Duke was also very protective of everyone in the family, a trait which eventually led to his downfall. I remember a close friend stepping into our home, coming to pick me up for a night out. Charlie put his hand on my shoulder to say hello whereby Duke reared up to grab his arm and pull it down, sitting to guard me until we left. Duke flashed a mean streak on occasion, growling if you came too close while he was eating, or snapping from his house where he ensconced himself to ward off discipline for some transgression. The final straw was breaking his chain to lunge at the delivery man for handing mail to my mother. Duke could no longer be trusted with other people so he had to be put down.
Duke’s reaction was the consequence of his “training”; he responded in kind during moments of perceived stress. My difficult evening with Odin conjured up those memories. I wanted my actions with him to be the foundation for a mutual, respectful understanding of each other’s needs. I needed to train myself as much as Odin needed to be trained, properly, with consistency and gentle firmness and love.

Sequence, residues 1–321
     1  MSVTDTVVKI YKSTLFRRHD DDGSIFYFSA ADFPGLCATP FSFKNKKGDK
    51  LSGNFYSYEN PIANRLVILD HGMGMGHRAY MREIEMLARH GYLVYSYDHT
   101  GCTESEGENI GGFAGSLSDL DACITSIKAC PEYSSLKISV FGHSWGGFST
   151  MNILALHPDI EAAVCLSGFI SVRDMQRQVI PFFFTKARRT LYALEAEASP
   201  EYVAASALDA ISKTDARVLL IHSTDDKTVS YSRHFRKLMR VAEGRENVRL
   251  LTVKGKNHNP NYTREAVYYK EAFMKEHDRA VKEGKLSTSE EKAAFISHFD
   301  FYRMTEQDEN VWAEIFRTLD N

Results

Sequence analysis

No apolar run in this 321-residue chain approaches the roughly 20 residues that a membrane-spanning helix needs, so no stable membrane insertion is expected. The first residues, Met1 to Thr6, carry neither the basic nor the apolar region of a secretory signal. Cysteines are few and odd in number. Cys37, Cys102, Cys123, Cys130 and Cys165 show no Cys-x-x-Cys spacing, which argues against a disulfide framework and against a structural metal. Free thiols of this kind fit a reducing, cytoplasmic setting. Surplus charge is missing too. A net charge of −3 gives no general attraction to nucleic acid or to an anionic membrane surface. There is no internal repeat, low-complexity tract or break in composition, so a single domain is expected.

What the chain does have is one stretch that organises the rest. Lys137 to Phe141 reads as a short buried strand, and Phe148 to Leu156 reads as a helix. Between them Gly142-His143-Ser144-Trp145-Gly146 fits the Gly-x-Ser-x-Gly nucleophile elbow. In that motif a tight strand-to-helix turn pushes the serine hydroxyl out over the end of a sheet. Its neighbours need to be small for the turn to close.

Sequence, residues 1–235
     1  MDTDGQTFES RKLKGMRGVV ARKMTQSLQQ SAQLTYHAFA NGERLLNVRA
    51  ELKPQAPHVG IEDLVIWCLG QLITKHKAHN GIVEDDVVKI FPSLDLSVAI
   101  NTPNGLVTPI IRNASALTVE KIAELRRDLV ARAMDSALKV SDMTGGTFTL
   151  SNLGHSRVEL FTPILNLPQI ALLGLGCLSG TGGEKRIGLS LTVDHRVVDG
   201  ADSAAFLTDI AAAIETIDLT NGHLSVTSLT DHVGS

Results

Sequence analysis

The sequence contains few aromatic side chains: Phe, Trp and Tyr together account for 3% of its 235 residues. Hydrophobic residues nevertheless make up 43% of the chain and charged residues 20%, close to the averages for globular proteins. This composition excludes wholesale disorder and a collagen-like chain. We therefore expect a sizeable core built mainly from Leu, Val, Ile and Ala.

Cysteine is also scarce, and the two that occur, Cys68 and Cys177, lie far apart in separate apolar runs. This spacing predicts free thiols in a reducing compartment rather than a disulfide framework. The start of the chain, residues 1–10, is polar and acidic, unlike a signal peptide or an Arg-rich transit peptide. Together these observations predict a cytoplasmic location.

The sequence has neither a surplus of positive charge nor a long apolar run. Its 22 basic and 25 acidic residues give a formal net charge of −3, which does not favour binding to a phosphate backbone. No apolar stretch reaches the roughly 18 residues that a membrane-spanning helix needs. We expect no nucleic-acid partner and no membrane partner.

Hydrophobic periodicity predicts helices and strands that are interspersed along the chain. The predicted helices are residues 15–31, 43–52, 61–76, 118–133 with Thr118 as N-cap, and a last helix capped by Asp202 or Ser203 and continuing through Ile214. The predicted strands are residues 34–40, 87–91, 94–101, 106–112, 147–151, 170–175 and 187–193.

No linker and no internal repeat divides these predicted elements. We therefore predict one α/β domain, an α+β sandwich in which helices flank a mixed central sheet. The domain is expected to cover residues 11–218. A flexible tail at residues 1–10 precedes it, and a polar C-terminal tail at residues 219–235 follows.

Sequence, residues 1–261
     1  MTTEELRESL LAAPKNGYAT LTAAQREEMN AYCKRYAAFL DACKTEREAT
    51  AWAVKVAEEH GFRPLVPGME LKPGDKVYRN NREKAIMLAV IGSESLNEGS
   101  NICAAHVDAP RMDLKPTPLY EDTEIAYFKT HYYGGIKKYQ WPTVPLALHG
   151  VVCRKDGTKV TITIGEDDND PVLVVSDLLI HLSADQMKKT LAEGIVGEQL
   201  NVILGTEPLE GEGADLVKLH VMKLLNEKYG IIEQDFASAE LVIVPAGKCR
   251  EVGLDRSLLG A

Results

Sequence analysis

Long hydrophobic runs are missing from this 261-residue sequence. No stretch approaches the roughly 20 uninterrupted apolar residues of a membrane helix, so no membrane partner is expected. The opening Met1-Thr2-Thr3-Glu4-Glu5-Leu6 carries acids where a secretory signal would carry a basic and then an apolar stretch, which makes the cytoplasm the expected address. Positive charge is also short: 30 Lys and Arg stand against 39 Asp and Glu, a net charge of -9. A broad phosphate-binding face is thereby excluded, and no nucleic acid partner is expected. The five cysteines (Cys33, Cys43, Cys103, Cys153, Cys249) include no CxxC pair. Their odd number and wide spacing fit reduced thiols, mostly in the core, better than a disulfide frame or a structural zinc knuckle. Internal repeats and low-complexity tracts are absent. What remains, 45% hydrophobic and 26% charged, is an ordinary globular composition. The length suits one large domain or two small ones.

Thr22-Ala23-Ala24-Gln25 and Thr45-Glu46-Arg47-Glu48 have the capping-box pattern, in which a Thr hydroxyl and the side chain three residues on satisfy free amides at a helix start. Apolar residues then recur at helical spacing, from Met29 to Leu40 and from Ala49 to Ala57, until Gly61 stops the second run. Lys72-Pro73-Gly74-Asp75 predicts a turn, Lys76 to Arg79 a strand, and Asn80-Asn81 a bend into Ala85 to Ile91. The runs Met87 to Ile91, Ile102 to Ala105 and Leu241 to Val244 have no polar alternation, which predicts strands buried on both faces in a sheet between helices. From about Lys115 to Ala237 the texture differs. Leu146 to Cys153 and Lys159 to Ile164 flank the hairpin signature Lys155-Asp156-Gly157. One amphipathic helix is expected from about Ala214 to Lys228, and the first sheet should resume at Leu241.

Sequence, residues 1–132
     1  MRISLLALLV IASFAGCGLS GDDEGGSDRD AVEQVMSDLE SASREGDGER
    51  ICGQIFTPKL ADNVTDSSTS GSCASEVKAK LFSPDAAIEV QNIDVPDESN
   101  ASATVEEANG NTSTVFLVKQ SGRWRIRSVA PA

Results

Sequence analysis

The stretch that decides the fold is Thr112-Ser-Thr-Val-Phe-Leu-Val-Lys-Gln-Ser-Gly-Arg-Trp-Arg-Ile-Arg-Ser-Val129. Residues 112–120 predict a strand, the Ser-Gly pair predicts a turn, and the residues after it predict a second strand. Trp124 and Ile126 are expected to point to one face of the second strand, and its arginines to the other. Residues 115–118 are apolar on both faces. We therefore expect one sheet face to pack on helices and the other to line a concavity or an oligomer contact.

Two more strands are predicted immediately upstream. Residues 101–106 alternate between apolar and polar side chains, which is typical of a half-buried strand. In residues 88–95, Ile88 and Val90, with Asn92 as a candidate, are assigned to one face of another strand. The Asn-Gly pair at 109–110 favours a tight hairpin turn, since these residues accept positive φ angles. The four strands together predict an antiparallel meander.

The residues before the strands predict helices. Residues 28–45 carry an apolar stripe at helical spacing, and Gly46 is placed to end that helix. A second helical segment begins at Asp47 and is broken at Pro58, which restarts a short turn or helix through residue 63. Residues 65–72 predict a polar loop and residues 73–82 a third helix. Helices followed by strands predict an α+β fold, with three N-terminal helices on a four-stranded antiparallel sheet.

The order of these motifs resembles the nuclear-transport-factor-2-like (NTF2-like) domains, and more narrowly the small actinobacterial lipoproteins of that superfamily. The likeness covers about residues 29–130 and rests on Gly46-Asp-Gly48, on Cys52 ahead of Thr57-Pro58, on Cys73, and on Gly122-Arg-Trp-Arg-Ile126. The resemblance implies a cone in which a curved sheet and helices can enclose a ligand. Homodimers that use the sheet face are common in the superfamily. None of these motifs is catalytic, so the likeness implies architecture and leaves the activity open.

Olga is a much more patient person and has spent hours sifting through training videos, seeking advice from on-line Samoyed owner Facebook pages, attempting the different methods to arrive at the most effective approach. She brings the wisdom and affection of a mother along with the knowledge of toddler development. I am endeavouring to train in the same manner and keep myself in check. Odin has responded daily, modifying his behaviour with each repeated lesson as we learn about the most advantageous approach for him and ourselves. Odin’s endearing character shines more frequently as he plays tug with the chew toys, gazes up at you with those puppy eyes, rolls onto his back with feet splayed so we can rub his belly, falls asleep on the ground beside you with his head in our lap, walks proudly alongside you, instep, around the neighbourhood, and greets new people with nose prodding, tail wagging enthusiasm. Odin is our huggable, little polar bear. There are still moments of frustration to which we attempt to address with ideas on what we need to do differently; training 101.